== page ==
Peptic ulcers are eroded areas in the stomach (gastric ulcers) or first part of the intestine (duodenal ulcers). Ulcers occur in areas where the lining of the stomach or intestine is worn away and irritated, causing pain or bleeding.
Normally, a mucous coating protects the lining of the stomach and the intestine. This coating can be disrupted by a bacterial infection from Helicobacter pylori (H. pylori) or by irritating medications, such as nonsteroidal anti-inflammatory drugs (NSAIDs). When this mucous coat is disrupted, strong digestive juices can erode the lining underneath it. This causes the ulcer.
Lifestyle factors such as diet and stress were once thought to be responsible for causing ulcers. However, now we know that the vast majority of ulcers are due to H. pylori infection or NSAID use.
In addition to creating discomfort, ulcers are serious because they can cause:
Many more people are infected with H. pylori than ever develop an ulcer. Researchers are still trying to understand why some people infected with this kind of bacteria develop ulcers and others don’t. Researchers are also trying to learn how people become infected with H. pylori. It may be passed in food or water. It also seems to live in the saliva of infected people, allowing the bacteria to be passed through kissing, for example.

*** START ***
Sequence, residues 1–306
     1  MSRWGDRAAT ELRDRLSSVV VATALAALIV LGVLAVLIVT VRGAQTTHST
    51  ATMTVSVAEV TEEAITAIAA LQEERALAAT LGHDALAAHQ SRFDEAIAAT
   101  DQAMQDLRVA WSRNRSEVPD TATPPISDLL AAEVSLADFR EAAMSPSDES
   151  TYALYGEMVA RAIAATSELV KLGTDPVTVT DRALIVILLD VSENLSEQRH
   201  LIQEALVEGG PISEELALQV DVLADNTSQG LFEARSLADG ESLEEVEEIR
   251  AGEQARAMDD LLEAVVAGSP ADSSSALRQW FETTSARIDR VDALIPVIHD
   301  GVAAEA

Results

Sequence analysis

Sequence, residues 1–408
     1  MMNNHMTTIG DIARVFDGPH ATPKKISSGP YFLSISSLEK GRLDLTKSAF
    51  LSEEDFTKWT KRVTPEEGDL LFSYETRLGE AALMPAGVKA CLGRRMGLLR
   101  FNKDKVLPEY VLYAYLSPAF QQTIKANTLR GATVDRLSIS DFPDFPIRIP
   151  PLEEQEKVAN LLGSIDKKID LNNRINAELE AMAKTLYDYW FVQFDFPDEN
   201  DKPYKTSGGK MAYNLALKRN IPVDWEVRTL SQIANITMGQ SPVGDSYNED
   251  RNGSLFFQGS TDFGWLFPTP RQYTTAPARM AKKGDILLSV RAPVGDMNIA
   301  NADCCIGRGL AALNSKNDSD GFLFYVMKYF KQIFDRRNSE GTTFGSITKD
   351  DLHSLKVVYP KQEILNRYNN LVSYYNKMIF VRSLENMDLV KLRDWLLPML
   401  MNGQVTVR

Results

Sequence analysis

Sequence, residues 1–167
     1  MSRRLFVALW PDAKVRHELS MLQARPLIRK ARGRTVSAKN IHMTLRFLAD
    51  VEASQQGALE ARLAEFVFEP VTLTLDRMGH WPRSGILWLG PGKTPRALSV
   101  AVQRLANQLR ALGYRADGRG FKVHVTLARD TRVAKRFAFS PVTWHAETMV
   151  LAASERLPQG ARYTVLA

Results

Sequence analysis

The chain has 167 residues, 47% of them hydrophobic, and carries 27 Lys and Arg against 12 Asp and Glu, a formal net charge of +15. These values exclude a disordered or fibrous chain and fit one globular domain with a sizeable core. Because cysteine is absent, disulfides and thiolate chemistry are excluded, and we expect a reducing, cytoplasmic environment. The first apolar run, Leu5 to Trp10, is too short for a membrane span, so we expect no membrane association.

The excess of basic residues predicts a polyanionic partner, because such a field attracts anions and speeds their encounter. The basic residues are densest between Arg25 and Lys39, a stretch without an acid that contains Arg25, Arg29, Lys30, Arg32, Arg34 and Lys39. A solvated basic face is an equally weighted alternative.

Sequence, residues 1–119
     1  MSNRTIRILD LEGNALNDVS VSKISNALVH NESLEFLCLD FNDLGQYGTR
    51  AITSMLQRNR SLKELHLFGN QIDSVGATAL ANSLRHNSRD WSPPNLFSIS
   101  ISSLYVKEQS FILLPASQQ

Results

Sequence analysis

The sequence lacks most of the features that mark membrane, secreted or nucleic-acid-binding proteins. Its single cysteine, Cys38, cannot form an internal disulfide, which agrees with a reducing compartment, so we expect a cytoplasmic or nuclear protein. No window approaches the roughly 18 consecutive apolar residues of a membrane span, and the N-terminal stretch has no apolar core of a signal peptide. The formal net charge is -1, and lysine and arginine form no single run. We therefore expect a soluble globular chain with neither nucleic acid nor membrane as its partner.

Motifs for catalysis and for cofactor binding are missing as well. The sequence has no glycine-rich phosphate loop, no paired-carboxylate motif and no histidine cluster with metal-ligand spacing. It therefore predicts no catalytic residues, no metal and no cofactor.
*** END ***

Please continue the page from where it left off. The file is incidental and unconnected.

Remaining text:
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Meurer LN, Bower DJ. Management of helicobacter pylori infection. Am Fam Physician. 2002;65(7):1327-36.
Peptic ulcer disease. EBSCO DynaMed website. Available at: http://www.ebscohost.com/dynamed/what. Updated April 22, 2013. Accessed April 29, 2013.
Understanding peptic ulcer disease. American Gastroenterological Association website. Available at: http://www.gastro..... Published April 23, 2010. Accessed April 29, 2013.
Last reviewed April 2013 by Daus Mahnke, MD; Brian Randall, MD
Last Updated: 4/29/2013